Pacific Overtures (George Takai, center) (Photo: Joan Marcus)



by Carol Rocamora


In case you haven’t noticed (but how could you not?!), there’s a Sondheim festival going on in New York this spring.


Three splendid Sondheim revivals have opened recently, offering dramatically different directorial interpretations in strikingly different venues. It’s a cause for renewed celebration of our greatest living American composer and his astonishing oeuvre.


Sunday in the Park With George


First to open (on Broadway) was Sunday in the Park With George, Sondheim’s magical musical about “the art of making art,” as explored through the creative process of Georges Seurat. This radiant revival with a full onstage orchestra features a charismatic performance by Jake Gyllenhaal as the eccentric pointillist painter. From the moment he takes the stage (“White – a blank page of canvas….”), Gyllenhaal holds us spellbound with his confident singing voice and his intense, riveting gaze. No wonder the delightful Annaleigh Ashford, as his mistress/model Dot, sings: “Your eyes, Georges, I love your eyes….”


Directed by Sarna Lapine (whose uncle James wrote the book and directed the 1984 premiere), the show flows with ease and grace. Thanks to the imaginative Beowulf Boritt (set) and Christopher Ash (projections), “Sunday Afternoon on The Grande Jatte” – Seurat’s masterpiece and Act One’s centerpiece – comes vividly alive.


As for the challenging Act Two that takes place generations later in Chicago (with Gyllenhaal as Seurat’s grandson and Ashford as Seurat’s daughter), the creative team provides a stunning finale when the grandson’s spectacular “chromolumes” shower the audience with their phosphorescent glow. “Color and light” – the refrain to Sondheim’s celestial score – aptly describes this luminous production. (now closed)


Sweeney Todd


As for Sondheim’s “dark side,” his wicked, wonderful Sweeney Todd is getting a riveting revival by Britain’s Tooting Arts Club at the tiny Barrow Theatre. Its interior has been converted into Mrs. Lovett’s infamous pie shop, where 120 “customers” cram into the tiny space, seated on long tables where they can be served fresh pies before the show. Some are also perched in the balcony, where they can gawk at this Gothic story of relentless, remorseless revenge.


It’s a stark contrast to Hal Prince’s Broadway production (1979), but this immersive approach works like black magic. The actors fill the entire pie shop, circling around the terror-stricken customers. As the “demon barber of Fleet Street,” Jeremy Secomb stalks the space, seeking his victims with murderous determination. Watch out – he actually jumps on the long tables and gets right “in your face”! Siobhán McCarthy offers a droll and irresistible Mrs. Lovett, his partner-in-crime and would-be paramour. Miraculously, a trio of musicians (piano, violin, clarinet) succeeds in bringing the complex, cacophonous score to vibrant life.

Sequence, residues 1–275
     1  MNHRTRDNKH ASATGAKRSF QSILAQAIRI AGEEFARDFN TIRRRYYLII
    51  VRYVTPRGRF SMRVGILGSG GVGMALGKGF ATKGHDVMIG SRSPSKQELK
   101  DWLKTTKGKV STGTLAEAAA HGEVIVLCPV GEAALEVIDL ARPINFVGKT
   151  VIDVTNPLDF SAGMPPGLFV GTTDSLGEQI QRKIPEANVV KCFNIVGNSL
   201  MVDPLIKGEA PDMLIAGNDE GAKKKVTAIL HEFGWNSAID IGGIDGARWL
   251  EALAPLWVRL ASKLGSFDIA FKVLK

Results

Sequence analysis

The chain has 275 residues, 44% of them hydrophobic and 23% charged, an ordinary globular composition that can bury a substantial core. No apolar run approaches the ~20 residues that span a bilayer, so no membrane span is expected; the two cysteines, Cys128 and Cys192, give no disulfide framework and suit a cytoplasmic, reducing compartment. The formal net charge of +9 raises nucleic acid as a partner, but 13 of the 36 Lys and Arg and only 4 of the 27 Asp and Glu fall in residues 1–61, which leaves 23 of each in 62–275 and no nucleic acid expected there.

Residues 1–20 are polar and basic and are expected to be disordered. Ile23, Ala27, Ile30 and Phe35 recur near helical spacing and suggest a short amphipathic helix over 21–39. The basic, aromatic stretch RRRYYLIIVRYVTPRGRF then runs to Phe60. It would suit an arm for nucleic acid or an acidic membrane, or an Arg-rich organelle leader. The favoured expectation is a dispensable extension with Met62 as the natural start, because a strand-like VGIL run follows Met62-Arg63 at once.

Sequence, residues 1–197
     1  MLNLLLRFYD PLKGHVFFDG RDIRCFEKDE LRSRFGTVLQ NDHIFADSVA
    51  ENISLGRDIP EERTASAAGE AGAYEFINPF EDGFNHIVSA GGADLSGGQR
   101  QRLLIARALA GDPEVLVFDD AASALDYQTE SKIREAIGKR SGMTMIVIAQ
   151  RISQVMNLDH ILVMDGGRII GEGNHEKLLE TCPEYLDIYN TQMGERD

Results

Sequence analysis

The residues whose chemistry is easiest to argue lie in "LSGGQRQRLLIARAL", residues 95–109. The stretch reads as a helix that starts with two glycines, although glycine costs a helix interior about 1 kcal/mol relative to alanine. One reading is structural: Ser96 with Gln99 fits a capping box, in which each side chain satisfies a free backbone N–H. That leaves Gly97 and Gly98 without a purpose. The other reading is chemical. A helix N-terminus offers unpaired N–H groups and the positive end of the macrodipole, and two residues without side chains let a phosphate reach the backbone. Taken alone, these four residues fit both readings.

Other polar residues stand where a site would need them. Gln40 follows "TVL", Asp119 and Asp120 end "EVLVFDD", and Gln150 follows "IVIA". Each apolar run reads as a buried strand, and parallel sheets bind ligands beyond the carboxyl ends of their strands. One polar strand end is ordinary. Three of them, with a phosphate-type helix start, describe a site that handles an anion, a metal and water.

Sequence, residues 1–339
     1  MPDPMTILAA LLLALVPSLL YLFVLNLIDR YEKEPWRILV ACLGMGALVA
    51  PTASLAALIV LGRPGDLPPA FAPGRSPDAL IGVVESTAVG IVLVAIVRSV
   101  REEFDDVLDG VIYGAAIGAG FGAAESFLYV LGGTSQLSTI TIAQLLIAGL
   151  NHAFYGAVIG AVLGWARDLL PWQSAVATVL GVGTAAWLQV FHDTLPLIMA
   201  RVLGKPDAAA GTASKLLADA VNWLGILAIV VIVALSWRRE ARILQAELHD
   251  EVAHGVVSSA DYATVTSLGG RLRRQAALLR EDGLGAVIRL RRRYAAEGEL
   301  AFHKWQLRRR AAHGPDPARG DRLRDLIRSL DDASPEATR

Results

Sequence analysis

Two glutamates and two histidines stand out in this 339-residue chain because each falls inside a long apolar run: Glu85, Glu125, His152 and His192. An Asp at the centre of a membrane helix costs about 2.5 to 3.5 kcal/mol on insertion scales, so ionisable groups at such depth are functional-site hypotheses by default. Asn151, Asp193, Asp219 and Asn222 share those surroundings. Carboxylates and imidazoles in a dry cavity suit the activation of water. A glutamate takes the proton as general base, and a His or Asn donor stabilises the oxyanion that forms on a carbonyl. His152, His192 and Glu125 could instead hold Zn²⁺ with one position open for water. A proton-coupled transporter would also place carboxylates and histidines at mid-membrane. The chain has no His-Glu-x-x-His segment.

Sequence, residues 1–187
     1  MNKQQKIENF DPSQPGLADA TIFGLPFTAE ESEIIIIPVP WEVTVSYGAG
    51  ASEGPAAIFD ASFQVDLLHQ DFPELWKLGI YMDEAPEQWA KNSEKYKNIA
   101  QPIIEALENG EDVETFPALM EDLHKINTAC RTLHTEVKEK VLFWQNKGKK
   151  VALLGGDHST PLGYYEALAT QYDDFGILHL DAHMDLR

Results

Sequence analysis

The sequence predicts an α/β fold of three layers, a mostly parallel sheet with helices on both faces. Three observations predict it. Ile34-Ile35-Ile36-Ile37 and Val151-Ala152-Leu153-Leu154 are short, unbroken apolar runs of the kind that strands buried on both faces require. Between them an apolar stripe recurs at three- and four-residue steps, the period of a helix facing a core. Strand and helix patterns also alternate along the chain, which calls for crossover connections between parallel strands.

The marvel of this site-specific Sweeney Todd, directed with perverse glee by Bill Buckhurst, is that it delivers its moral while taking us for a thrilling ride. “The history of the world, my sweet,” sings Sweeney, “is who gets eaten and who gets to eat.” Bon appetit!

New leads are in place, namely Norm Lewis and Carolee Carmello.


Pacific Overtures


Yesterday, Classic Stage Company opened an elegant Pacific Overtures, Sondheim’s exotic study of isolationist Japan in 1853, directed by John Doyle, CSC’s new artistic director. Doyle already made Sondheim history with his radically minimalist Broadway production of Sweeney Todd in 2006, in which his actors all played musical instruments (including Patti LuPone on the tuba).


With Pacific Overtures, Doyle has maintained this minimalist approach, although he has Jonathan Tunick’s gorgeous orchestrations of Sondheim’s score played by an eight-instrument ensemble, while ten actors in contemporary dress enact all the roles. Doyle himself designed the set – an empty space consisting of a huge expanse of white flooring, representing the paper upon which the Japanese-American treaty was designed.   It suits Sondheim’s lyrics describing Japan as a “floating island” in history and time.


With this spare, stripped-down approach, Doyle has illuminated the relevance of Pacific Overture to America’s current, alarming retreat into isolationism. “We live in a time when theatre has a job to do that it hasn’t been doing for a while, and that is to ask the political questions,” says Doyle. His bold production has the vision and clarity to do just that.


Sweeney Todd, music & lyrics by Stephen Sondheim, book by Hugh Wheeter, directed by Bill Buckhurst, now at Barrow Street Theatre; Pacific Overtures, book by John Weidman, music & lyrics by Stephen Sondheim, at Classic Stage Company extended till June 18; Sunday In The Park With George, music & lyrics by Stephen Sondheim, book by James Lapine, at the Hudson Theatre (closed April 23)